The NDP’s pre-election commitment was an “unbudgeted promise,” said Brattinga, pointing to stable funding of $2 million a year for the Alberta Machine Intelligence Institute as an example of the UCP’s commitment to the sector.

“The fact that we are still funding artificial intelligence in Alberta shows that we do take AI and machine learning seriously,” said Brattinga.

“We had to make a lot of difficult decisions as part of our budget. Artificial intelligence … is a good sector and we do see a bright future for it.”

Tax credit, tax cut, what’s the diff?

Brattinga said the budget’s goal was to create optimum conditions for economic growth and investment in Alberta. Measures like the corporate tax cut will benefit more than 100,000 companies in all sectors, he said.

According to University of Calgary economist Trevor Tombe, the UCP and NDP agree on the goals but use different approaches to achieve them.

“Lowering the statutory rate or introducing investor tax credits or allowing for accelerated write-offs — these are all ways of lowering the tax on new investment,” which in turn should spur further investment, he said.

The main differences between the targeted and blanket approaches are in who benefits, when, and at what cost to government, Tombe said.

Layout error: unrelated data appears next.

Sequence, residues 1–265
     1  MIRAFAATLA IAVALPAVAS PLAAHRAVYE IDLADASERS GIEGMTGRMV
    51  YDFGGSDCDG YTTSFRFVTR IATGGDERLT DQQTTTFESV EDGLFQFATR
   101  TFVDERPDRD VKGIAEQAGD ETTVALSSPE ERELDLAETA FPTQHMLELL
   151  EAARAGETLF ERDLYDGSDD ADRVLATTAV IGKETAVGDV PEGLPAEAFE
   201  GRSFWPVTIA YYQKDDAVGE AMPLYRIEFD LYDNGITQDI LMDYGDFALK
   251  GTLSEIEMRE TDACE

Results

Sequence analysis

The UCP’s corporate tax reduction is a calculated risk balancing the loss of tax revenue against the value of potential investment, he said. Budget documents show a reduced corporate tax rate will have a net cost to the government of $2.4 billion.

“Investment will rise but government revenue will fall — and will fall by more than with some alternative approaches that would also have lessened the tax on investment,” Tombe said.

On the plus side, Tombe said, lowering a tax rate is simple. “(With) the investor tax credits, you need to apply, and they need to be administered, for example, whereas just changing the statutory rate, it’s the simplest possible thing you could do.”

Horrible message, but…

Cory Janssen, co-founder and CEO of AltaML, said the Alberta Investor Tax Credit was a great idea but noted the program wasn’t perfect. He is willing to give the new government a chance on tech, saying he has had conversations that give him confidence in future replacements to the cancelled programs.

Cory Janssen, CEO of AltaML. (Photo by Mack Male)

“I do think perhaps it was underestimated what the backlash would be and the message it sends to the market,” Janssen said about the cuts and lost tax credits.